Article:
Workers’ compensation rates range from $0.57 in Texas to $2.32 in Alaska per $100 of covered payroll. This amount is the average employer cost for workers’ compensation according to 2018 NASI data.
The National Academy of Social Insurance (NASI) Workers’ Compensation Report shows average costs to employers by state. Although this report can give business owners a general overview of the range you might expect to pay to cover your employees, there are four main factors insurers consider when estimating your premium for workers’ comp insurance:
- Type of work
- Claims history
Because workers’ compensation is regulated at the state level, the location of your work affects your workers’ comp insurance costs. Your workers’ comp costs will depend partly on the requirements in the state where your work is performed. To find your state’s workers’ comp agency, visit the U.S. Department of Labor’s state workers’ compensation map.
Type of work
The type of work your employees do determines your classification code or “class code.” These class codes are sometimes defined by the National Council on Compensation Insurance (NCCI), an independent organization that conducts research on U.S. businesses. NCCI uses these 4-digit codes to categorize the types of work each of your employees performs. You can look up your workers’ comp class codes online yourself, but you should also speak with a workers’ comp insurer who can confirm you are using the correct code.
Class codes help insurers estimate your workers’ comp rates based on the risk to employees. For example, an aircraft mechanic has a greater risk of on-the-job injury than an accountant. So the class code for the aircraft mechanic would be associated with a higher workers’ comp insurance rate. The insurer will use the class code to determine a base rate for that particular type of work. Then, the insurer will adjust your rate depending on whether your company has a greater or lesser risk than the industry average.
Size of payroll
Your workers’ comp cost also depends on the size of your workforce, and more specifically, your total payroll. It is important to report your payroll accurately because the amount directly affects your workers’ comp insurance rate. Therefore, underestimating or overestimating payroll can impact the cash flow of your business.
A workers’ comp audit (formerly known as workmen’s comp audit) compares the estimated payroll provided by the business owner at the beginning of the policy period to the actual payroll at the end of the policy year and verifies the type of work performed by the company. The audit determines how much, if anything, the premium needs to be adjusted depending on whether the actual amount is less or more than the estimate. To avoid surprises at the end of the year, make sure to review your company’s job descriptions with your insurer when you buy your policy so that you can confirm the related class codes are correct.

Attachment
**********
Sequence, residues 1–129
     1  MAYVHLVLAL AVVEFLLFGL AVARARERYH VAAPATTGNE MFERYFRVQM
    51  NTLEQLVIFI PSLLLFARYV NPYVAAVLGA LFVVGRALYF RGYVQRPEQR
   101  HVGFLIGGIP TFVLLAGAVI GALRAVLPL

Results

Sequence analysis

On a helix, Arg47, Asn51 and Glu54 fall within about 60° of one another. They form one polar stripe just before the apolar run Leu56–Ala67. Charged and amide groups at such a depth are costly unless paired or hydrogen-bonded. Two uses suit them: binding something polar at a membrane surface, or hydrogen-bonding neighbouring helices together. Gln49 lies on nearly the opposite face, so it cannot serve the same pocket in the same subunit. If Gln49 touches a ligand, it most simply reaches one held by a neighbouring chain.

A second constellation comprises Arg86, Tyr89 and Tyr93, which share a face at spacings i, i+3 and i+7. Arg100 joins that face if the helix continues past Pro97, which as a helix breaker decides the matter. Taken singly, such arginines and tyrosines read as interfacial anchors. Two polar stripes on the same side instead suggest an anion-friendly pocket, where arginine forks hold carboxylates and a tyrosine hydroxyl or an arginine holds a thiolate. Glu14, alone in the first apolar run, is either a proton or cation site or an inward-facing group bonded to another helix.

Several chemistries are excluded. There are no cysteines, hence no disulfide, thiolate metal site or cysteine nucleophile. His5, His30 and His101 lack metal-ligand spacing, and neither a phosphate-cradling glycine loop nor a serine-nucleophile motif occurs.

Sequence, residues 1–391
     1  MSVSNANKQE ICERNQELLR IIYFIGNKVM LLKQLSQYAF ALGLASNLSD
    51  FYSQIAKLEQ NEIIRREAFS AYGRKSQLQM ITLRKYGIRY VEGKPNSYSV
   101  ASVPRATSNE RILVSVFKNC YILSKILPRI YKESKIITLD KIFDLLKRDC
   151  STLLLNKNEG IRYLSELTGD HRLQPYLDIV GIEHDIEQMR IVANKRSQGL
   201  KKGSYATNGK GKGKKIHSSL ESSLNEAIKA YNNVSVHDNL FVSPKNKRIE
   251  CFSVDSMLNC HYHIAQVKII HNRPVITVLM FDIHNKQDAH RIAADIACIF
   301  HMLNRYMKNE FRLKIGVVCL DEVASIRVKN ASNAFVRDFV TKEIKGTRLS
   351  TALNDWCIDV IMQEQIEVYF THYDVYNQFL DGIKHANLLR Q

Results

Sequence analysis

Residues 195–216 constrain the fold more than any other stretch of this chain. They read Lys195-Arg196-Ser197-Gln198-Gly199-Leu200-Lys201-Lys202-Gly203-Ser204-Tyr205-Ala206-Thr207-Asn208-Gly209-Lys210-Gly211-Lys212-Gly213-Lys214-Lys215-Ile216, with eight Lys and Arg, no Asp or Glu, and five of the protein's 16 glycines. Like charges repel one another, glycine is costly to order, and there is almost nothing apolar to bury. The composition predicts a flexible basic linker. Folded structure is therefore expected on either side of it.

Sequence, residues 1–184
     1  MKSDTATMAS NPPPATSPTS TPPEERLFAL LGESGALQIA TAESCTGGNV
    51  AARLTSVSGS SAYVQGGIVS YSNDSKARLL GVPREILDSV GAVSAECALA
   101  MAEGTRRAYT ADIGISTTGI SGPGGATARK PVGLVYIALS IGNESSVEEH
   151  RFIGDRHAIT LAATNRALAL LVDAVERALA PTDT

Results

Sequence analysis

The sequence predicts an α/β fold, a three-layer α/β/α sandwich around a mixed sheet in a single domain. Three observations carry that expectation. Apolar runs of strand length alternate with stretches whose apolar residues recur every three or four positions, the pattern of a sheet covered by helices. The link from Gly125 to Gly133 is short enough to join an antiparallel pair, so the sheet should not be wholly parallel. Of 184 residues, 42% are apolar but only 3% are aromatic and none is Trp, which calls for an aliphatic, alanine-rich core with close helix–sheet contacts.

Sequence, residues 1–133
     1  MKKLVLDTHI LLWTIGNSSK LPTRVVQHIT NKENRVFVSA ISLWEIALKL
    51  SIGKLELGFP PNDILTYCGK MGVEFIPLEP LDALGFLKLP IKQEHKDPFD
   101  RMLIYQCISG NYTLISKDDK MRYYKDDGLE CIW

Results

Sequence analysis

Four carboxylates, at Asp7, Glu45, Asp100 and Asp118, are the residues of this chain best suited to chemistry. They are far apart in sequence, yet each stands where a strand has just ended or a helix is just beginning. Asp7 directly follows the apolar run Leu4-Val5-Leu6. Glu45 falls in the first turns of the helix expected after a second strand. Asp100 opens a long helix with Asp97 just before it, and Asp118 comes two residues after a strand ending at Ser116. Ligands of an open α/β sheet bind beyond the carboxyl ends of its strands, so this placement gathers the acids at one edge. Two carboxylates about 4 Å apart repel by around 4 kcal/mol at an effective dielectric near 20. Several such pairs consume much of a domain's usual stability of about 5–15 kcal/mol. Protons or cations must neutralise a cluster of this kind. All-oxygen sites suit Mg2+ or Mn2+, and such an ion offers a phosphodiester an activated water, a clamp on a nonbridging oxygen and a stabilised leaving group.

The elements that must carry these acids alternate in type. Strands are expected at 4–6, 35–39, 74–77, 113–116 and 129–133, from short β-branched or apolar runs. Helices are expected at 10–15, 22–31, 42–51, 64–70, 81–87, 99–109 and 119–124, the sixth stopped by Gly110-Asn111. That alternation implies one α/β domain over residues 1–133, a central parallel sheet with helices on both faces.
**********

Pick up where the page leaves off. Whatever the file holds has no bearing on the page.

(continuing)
Payroll includes categories such as wages, salaries, bonuses, and overtime but excludes categories like tips, gratuities, employee savings plans, and employee discounts. Consult NCCI for a comprehensive list of the factors that are included in payroll for workers’ comp. And when shopping for workers’ comp insurance for your small business, use an average of your monthly payroll for your estimate.
Insurers also consider your history of claims. They use what is called an “experience modification factor” or “experience mod” when determining your workers’ comp insurance rate. This factor must be included (by law) in defining your rate. Because it factors in your claims history, it is a reflection of your workplace safety compared to other similar businesses.
An experience mod of 1.0 is considered the industry average. An experience mod of more than 1.0 is called a debit mod (in which your losses are greater than the average) and you will pay more for insurance. If your experience mod is less than 1.0, this is called a credit mod (in which your losses are less than the average) and you will have a discounted premium.
If you are starting a new business, you will not have a workers’ comp claim history. So you will not yet have an experience mod that can be factored into your calculation. Instead, you may pay more for workers’ comp insurance until your new business has established a track record.
By promoting and practicing workplace safety, you can influence your experience mod and your rates considerably. The fewer claims you have, the better your experience mod and the greater chance that you will qualify for a lower premium.
Cut your workers’ comp costs
If you’re a small business owner, you can cut your cost for workers’ comp insurance by up to 30% by purchasing your insurance from a company that specializes in insuring only small businesses.
At Pie Insurance, we know small business owners are busy, so we offer the convenience of an easy online experience and the assurance of the best possible rate for workers’ comp coverage. We’ve made getting workers’ comp insurance as easy as pie.
Thanks for reading! Please note that this content is intended for educational purposes only. As laws change regularly, you should refer to your state legislation and/or an advisor for specific legal counsel. If you’re a small business owner, learn more about workers’ compensation insurance or check your current rate in 3 minutes.